‘This experience provided me with a glimpse into the origin stories of the Amazon, illustrating how the river, for example, embodied much more than just its physical existence… On the other hand, I have a personal interest in conceptual ideas and not merely aesthetic adornment. If something appears to be merely imitating an animal, it doesn’t capture my attention. When I survey various forms of jewelry and wearables, I find myself thinking, “Whatever, whatever, whatever,” until something stands out with an extra dimension or purpose.’
Looking forward, Madeline envisions a future of body augmentation and adornment that transcends aesthetics. She explores the potential for practical and logical enhancements, such as protection for space exploration or adapting to environmental challenges. In her view, the future of adornment could encompass diverse realms, from cultivating living organisms to exploring issues of surveillance and anonymity.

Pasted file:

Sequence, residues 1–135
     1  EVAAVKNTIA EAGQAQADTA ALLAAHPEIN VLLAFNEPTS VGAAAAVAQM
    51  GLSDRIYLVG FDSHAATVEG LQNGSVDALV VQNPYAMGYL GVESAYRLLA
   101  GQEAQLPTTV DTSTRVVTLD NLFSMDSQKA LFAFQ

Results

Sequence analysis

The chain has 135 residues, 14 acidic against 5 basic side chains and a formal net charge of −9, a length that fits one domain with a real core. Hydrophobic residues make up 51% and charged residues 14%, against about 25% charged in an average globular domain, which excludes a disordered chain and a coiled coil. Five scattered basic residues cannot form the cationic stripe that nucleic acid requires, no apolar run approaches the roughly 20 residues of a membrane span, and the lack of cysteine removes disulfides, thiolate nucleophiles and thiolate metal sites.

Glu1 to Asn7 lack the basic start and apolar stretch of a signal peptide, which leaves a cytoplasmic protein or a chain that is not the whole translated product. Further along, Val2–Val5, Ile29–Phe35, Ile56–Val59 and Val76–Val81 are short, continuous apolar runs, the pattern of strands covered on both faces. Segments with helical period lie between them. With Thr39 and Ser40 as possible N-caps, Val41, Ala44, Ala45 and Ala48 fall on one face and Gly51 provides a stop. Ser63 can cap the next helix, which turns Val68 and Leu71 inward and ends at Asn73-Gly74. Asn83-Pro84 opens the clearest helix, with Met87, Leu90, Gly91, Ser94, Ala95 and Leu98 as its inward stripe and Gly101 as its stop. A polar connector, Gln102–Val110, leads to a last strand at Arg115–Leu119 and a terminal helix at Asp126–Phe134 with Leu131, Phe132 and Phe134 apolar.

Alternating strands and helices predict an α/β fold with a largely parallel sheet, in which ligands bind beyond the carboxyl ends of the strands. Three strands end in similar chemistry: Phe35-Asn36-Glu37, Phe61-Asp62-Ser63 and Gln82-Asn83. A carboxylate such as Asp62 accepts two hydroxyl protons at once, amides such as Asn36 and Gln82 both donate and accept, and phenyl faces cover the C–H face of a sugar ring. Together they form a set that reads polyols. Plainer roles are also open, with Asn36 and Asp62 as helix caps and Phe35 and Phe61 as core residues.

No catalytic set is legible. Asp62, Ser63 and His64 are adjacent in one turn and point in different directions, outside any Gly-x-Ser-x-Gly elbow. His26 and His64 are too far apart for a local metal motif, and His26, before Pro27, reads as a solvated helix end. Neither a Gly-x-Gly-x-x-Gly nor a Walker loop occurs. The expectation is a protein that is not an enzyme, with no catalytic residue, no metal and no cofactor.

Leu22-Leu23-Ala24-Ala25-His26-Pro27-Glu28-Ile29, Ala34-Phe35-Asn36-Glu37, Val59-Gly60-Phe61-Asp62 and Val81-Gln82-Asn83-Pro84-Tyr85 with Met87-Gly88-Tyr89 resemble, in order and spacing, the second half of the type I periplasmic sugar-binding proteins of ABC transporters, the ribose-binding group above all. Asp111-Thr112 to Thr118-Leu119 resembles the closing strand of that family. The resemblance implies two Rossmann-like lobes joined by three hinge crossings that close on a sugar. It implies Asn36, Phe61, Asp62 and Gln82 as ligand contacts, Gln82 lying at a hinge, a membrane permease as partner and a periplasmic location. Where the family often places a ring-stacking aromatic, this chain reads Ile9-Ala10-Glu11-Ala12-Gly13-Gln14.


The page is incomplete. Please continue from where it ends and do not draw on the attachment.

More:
Through her exhibition Face Nature at Mediamatic, Madeline challenges visitors to embrace a deeper connection with the natural world. Her artworks question our relationship with nature and encourage us to envision a future where creativity, science, and nature harmoniously intertwine.
Initially unsure of her intentions, Madeline discovered that by suppressing the very need for intentionality, she could learn and create with greater freedom. Her innovative approach involved constructing prosthetic-like structures on faces, merging nature’s beauty with human expressions.
Madeline’s creative process exemplifies the merging of analytical thinking and radical imagination. Her ability to navigate between systematising complex information and immersing herself in nature allows her to uncover novel artistic expressions.
An Unconventional Approach Blending Art and Architecture